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Holt High sports camps bring students and community together

Christopher Cline

HOLT, Mich. - The community surrounding Holt High School has always always carried family-like atmosphere. That was recently made apparent, when it came together to raise money for a wrestling coach whose Type 2 diabetes was worsening.

The special community connection starts at an early age, as seen in the high school’s varsity athletes helping stage popular youth sports camps.

The idea behind the camps is twofold: first, the varsity athletes can teach the elementary, middle and junior high school kids the fundamentals of sport. For example, the softball camp teaches kids how to properly throw a ball, so that they maintain good habits and reduce the risk of injury.

Renee Sadler, Holt’s athletic director, was quick to point out how important these camps are for the varsity athletes. When varsity players run drills, they need to do them correctly  so they can properly teach the kids.

“If they’re trying to break it down and teach it to a younger kid, then they have to understand how to do it themselves,” she said.

The second big idea is for the athletes to give kids a sense of belonging. Something, according to Sadler, that will benefit the kids as they work their way through school.

“We want kids to learn how to be a part of something,” Sadler said. “When they learn how to be a part of something, they learn how to manage their time, they’re better academically, studies have shown. We want to keep kids involved all the way up until their senior year.”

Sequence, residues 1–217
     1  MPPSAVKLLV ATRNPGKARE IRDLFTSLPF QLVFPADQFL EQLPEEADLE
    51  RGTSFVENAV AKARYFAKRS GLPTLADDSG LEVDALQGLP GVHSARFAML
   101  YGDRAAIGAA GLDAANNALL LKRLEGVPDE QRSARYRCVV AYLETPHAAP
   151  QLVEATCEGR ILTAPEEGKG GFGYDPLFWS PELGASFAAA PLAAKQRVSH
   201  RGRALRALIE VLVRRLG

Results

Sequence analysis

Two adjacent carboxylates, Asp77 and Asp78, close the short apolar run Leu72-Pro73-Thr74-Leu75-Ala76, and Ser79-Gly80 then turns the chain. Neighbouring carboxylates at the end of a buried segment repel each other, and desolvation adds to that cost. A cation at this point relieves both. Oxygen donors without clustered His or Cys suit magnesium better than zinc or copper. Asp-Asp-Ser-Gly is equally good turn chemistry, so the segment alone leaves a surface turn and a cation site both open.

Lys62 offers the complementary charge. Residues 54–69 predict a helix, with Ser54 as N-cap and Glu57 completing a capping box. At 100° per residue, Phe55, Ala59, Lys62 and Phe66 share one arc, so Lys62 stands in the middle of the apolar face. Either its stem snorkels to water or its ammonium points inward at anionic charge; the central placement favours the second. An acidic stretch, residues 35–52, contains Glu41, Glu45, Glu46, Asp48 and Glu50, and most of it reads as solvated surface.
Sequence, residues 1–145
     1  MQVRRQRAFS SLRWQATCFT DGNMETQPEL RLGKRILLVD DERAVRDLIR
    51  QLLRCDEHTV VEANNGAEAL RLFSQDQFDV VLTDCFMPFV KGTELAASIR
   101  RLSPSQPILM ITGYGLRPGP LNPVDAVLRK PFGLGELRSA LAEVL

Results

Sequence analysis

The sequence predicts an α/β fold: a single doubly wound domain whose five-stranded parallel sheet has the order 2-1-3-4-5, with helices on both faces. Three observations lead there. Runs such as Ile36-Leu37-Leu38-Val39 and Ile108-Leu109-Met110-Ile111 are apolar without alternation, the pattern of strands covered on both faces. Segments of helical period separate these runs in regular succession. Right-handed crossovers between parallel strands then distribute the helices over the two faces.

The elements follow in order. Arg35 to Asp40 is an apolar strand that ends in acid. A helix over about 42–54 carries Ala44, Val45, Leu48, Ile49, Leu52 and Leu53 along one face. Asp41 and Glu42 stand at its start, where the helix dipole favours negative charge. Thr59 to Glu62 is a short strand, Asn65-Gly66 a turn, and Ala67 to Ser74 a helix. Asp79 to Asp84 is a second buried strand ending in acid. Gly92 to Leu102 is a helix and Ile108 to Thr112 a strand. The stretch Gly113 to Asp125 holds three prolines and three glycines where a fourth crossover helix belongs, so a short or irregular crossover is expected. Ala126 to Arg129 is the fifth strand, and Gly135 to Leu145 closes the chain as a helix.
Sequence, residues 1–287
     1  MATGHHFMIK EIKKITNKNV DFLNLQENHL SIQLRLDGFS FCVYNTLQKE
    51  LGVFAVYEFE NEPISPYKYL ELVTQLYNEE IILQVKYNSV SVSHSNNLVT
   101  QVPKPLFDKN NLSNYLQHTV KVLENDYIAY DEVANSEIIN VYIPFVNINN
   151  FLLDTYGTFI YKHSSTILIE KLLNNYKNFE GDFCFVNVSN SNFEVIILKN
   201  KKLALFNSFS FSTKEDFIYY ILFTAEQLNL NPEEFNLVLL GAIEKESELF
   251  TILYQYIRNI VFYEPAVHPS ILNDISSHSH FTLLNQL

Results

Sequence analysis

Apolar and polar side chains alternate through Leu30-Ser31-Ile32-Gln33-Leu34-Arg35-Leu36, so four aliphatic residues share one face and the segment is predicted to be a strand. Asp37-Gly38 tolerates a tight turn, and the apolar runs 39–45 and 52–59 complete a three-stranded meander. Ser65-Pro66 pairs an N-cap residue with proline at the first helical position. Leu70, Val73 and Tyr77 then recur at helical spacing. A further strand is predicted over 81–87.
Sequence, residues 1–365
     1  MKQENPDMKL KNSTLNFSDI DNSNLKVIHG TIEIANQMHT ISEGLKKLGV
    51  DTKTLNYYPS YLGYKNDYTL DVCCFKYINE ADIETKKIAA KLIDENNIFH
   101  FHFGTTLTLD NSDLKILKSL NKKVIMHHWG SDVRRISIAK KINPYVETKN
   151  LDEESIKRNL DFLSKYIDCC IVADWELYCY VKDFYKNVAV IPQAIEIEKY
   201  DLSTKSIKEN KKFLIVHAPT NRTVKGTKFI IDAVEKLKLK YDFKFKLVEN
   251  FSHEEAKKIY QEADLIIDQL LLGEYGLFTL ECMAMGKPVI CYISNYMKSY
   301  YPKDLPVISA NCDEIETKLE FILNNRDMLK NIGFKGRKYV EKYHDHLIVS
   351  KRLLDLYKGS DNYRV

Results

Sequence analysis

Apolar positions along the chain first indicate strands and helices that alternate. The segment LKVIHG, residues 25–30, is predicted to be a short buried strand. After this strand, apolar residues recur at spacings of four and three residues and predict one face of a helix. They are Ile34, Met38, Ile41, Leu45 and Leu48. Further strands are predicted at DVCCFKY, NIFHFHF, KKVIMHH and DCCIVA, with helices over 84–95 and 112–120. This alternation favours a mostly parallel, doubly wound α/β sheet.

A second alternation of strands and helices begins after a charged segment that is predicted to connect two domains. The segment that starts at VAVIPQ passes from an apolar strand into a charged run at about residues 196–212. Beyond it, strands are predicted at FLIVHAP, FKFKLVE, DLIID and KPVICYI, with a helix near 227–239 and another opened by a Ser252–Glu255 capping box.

Suzanne Wardell, athletic director at the Holt’s junior high,  agreed with Sadler, seeing how the junior high kids look forward to working with the varsity athletes.

“Our junior high athletes really enjoy attending camp with the high school athletes, because they enjoy the opportunity to meet and get to know the student athletes that they look up to,” Wardell said, via e-mail. “Our high school athletes take time to show them the skills that they to work on, and remind them that they were once in their shoes. And with hard work, they can also play the sports that they want to in high school.”

The impact of the community connection can be seen in the Holt high football program. On Wednesday, the high school and junior high do not start class until 10:30 a.m, but the elementary and middle school kids start two hours earlier at 8:30. While some high school kids might catch up on sleep, the varsity players have their own ideas on how to use that time.

A group of 10-12 players travel across town to Dimondale Elementary, helping  kids with math problems, among other things. Sadler believes that this practice transcends sports and can help kids make a career out of something other than being an athlete. She also applauded the athletes for taking the time to do something a lot of other kids may not think of.

“I really am proud of our kids for doing that because it does require a little bit of extra work,” she said.

Sadler has some goals she hopes to see continue to grow as the camps continue,  She wants to help the young athletes realize the platform they have, so they’re prepared when they get to the high school level. The second, and maybe the most important, is to let the kids have fun.

“We’re not trying to create college players here,” Sadler said. “We’re trying to create an environment to let kids be a part of something.”



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